Social media and project management: Symbolism in action
|dc.identifier.citation||Delerue, H. and Cronje, T. 2017. Social media and project management: Symbolism in action. In Cambridge Handbook of Organizational Project Management, 370-382. UK: Cambridge University Press.|
© Cambridge University Press 2017. Introduction This chapter examines some reasons why project teams would use social media. Social media were just beginning to be co-opted by business interests in the 2010s (Kiron, Palmer, Phillips, & Kruschwitz, 2012): early adopting firms – the ones that tend to adopt social media applications – can be viewed as innovators, driven by efficiency and profit gains (e.g., Delerue & Cronje, 2015; Perrigot, Kacker, Basset, & Cliquet, 2012). Social media generally provide: Web-based platforms that allow workers to (1) communicate messages with specific coworkers or broadcast messages to everyone in the organization, (2) articulate a list of coworkers with whom they share a connection, (3) post, edit, and sort text and files linked to themselves or others, and (4) view the messages, connections, text, and files communicated, articulated, posted, edited and sorted by anyone else in the organization at any time of their choosing. (Leonardi, Huysman, & Steinfield, 2013, p. 2) The development of complex products, services, and processes with very short time-to-market combined with needs for cross-functional expertise have compelled increasing numbers of organizations to implement their business operations as projects (Kerzner, 2002). Projects have been described as temporary organizations that are strongly focused on a defined task, and therefore very agile. In addition, projects are ephemeral in the sense that the knowledge that is gained through the project quickly evaporates after the project team is disbanded (Gemünden, 2013, p. 2). An essential component of project execution is the information that feeds decision making and knowledge creation. Some researchers therefore view social media – which are used to convey information – as valuable for project management (Harrin, 2010; Remidez & Jones, 2012; Rimkuniene & Zinkeviciute, 2014). For instance, Rimkuniene and Zinkeviciute (2014) demonstrate how social media can enhance effective communication in temporary organizations by addressing specific project-based needs. Remidez and Jones (2012) emphasize that project managers must understand the relationships between communication practices and trust development, and how they are affected by social media. According to Harrin's (2010) study on social media in project environments, over two-thirds of 181 project managers surveyed across thirty-two countries believed that social media constitute a key issue for their industry (Harrin, 2010).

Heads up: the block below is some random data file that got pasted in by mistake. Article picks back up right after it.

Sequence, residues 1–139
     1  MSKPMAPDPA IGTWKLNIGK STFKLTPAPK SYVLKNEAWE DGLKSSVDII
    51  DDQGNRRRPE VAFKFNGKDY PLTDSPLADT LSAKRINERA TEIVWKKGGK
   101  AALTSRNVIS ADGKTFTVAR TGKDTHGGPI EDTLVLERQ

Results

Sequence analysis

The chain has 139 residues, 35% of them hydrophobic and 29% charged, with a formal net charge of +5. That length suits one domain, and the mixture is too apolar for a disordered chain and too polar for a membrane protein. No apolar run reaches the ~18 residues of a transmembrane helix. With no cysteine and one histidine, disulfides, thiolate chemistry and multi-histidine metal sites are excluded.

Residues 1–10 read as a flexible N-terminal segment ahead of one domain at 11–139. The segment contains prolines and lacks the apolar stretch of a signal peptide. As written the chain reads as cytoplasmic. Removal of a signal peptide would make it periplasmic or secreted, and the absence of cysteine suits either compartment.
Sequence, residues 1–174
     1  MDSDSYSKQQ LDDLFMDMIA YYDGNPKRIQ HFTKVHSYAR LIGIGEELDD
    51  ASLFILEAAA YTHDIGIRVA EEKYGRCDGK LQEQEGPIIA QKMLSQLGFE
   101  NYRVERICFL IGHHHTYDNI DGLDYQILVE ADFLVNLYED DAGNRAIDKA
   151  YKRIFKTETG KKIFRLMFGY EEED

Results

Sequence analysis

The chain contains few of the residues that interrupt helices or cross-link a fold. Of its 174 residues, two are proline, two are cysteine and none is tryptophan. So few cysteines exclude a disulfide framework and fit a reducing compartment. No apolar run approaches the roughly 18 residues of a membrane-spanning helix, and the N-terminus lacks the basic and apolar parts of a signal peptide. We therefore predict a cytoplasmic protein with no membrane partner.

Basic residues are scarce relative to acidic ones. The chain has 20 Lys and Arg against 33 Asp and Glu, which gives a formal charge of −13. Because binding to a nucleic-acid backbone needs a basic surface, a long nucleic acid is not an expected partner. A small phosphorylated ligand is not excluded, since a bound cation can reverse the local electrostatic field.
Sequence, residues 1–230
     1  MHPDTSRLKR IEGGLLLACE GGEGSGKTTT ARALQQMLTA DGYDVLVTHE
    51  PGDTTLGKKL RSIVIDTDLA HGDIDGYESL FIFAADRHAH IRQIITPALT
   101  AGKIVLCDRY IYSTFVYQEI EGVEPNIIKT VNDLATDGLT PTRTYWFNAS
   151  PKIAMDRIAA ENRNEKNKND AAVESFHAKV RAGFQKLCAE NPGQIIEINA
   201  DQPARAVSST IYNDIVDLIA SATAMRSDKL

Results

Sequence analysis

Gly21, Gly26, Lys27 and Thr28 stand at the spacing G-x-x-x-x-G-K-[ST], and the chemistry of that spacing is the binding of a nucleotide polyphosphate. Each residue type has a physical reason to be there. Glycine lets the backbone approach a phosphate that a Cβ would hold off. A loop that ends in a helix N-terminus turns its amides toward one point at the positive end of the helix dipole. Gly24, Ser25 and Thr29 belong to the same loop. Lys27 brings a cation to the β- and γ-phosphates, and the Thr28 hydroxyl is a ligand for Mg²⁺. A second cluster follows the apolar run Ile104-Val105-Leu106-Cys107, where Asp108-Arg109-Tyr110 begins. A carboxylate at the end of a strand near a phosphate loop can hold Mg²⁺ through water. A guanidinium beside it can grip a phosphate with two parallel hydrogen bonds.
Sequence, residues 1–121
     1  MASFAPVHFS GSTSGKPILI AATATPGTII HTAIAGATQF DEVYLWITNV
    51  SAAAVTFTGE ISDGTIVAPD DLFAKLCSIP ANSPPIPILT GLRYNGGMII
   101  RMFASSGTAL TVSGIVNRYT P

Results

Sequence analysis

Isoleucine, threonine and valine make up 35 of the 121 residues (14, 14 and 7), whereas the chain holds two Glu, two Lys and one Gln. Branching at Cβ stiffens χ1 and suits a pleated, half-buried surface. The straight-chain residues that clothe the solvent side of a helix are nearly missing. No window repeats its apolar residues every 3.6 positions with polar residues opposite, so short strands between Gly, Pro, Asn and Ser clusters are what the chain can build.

|dc.publisher||Cambridge University Press|
|dc.title||Social media and project management: Symbolism in action|
|dcterms.source.title||Cambridge Handbook of Organizational Project Management|
|curtin.department||School of Economics and Finance|
|curtin.accessStatus||Fulltext not available|
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